The deal represented the single largest investment round ever achieved by a privately held European games company. Yes, the transaction was technically a buyout as the investors (GE/NBC Universal’s Peacock Equity Fund and UK-based private equity company GMT) gained 70 per cent of the company, but the fact remains that this was, by European standards, a huge deal involving a company that had largely flown under the radar of the popular and trade press.
In fact, Hamburg-based Bigpoint is at the forefront of a wave of German casual MMOG companies that have been pioneering the concept of browser-based MMOG publishing. They have begun to take European MMO gaming in a different direction to either North America or Asia (where retail or large client MMOG downloads predominate) and have provided, in the space of just two to three years, a significant injection of energy and capital into the stuttering indigenous German games development and publishing market.
Together with Gameforge, Travian, Innogames, Alaplaya, Frogster Interactive and Gamigo, Bigpoint has revolutionised the European MMOG market reaching unheard-of player numbers and generating unprecedented usage which dwarfs anything achieved by any of the more traditional retail-and-subscription MMOGs.
Indeed Gameforge, Bigpoint and Travian not only rank in the top 10 most popular games services in Europe (source: comScore data, June 2008) along side the likes of casual giants Miniclip and Yahoo Games, but Gameforge is the seventh most popular worldwide ahead of all Disney casual games and virtual world properties (including Club Penguin) and twice as big as World of Warcraft. So how have they achieved this?
Talking to a number of these companies a number of common critical success factors become apparent:
1. Low barriers to entry
Their games’ minimal technical requirements maximises the addressable market of computers (and therefore players) able to play them. Most of the leading German trio’s games are played in a browser using Flash, Java and plain old HTML in contrast to the download-oriented Asian and North American MMO markets. This allows them to have appeal for frustrated gamers without the money to buy the sort of PCs needed for modern retail PC games.
2. Broad localisation
The low minimum hardware specification is particularly appealing to younger gamers using hand-me-down computers but especially in central and eastern European territories. Bigpoint is localised into 17 languages, Gameforge caters for 25 languages whilst Travian now operates 40 different language versions. This has enabled their services to tap into a vast base of players unable or unwilling to read or communicate in English (the default and, in most cases, only language used for most traditional MMOGs).
3. Easy to play, hard to master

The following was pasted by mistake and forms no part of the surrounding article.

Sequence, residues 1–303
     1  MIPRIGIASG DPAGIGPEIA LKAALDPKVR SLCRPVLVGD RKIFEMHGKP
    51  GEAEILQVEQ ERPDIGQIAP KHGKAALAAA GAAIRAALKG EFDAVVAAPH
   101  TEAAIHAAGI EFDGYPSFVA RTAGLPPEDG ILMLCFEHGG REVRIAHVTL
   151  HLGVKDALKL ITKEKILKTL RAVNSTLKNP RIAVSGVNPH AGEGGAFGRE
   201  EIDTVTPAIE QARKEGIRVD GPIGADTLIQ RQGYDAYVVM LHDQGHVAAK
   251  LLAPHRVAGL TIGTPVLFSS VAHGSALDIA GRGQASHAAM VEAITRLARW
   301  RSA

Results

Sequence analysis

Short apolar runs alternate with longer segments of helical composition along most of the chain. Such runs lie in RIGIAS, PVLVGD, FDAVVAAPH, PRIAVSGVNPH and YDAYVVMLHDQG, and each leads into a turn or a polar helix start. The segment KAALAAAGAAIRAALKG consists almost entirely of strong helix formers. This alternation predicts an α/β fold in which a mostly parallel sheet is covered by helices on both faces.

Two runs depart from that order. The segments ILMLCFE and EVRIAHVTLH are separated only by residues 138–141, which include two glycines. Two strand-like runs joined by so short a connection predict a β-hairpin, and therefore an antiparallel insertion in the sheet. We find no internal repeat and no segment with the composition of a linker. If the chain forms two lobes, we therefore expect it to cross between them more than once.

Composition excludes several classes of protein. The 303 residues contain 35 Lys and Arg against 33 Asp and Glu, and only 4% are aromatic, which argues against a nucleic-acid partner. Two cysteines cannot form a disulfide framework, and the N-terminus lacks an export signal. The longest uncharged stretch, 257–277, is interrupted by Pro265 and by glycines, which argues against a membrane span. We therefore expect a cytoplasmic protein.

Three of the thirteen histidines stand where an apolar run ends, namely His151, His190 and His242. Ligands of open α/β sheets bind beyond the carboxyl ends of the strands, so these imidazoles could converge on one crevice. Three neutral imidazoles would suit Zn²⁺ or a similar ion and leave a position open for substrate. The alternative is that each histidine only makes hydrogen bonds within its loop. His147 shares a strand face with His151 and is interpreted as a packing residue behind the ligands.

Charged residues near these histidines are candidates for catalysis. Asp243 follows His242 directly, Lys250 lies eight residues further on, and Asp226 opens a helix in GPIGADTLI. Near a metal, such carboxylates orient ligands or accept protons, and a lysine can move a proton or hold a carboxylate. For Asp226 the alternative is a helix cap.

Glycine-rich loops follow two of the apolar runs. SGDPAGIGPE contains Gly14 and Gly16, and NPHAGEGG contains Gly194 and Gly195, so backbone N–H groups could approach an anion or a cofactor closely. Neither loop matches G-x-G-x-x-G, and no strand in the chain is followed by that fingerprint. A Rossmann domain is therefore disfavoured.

Most casual MMOGs offer a high level of gameplay accessibility that is rooted in the simplicity of their design and user interface. However, underneath their primitive-seeming surfaces, you’ll find tried-and–tested, deep and persistent multi-player role-playing, simulation and strategy gameplay that keeps players invested in their progression within the game.
4. The ‘Freemium’ model
Most of the German titles are based around a micro-transaction revenue model that allows unlimited free play and optional virtual asset or service purchase. Contrary to popular belief, most of these assets and services are gameplay-enhancing such as single use munitions and limited duration player upgrades. Conversion of free to paying players tends to be below three per cent but those that do pay can generate monthly ARPU of €10 to €20 (Bigpoint have publicly stated that their monthly average revenue per paying player is higher than that for WoW). The beauty of this model is, again, its accessibility, attracting all types of players from those only willing or able to pay a few Euros to those wanting to spend hundreds of Euros in a single month.
Should we be surprised that so many companies in a single territory have identified and seized upon the opportunity presented by casual MMOGs and, in particular, persistent browser games? In such a small industry, innovators often generate followers, something seen frequently in the UK. It is, however, strange that they have established such a commanding market position whilst also generating what in many cases have become extremely profitable businesses. Most of Bigpoint, Gameforge, Innogames and Travian’s games will have been developed for less than €0.5m but can be expected to return a huge multiple of that over their lifetime. Bigpoint is expected to turn over €20m this year, nearly double last year’s reported revenue whilst Gameforge boasts that it has been cashflow positive and profitable from day one, grew its revenue 350 per cent in 2007 and is on course for 450 per cent growth this year.
With combined active monthly users of tens of millions in Europe alone, I believe these German companies have unearthed a potential mass-market goldmine rather than a short-term niche. There is still plenty of room for business model diversification and exploitation, product and service quality improvement (without taking them out of the browser), broader geographic expansion and, dare I say it, the commercial exploitation of third party brand licences. With global VCs also showing strong interest in this area, now might be the time to look continent-wards for innovative and highly profitable business models.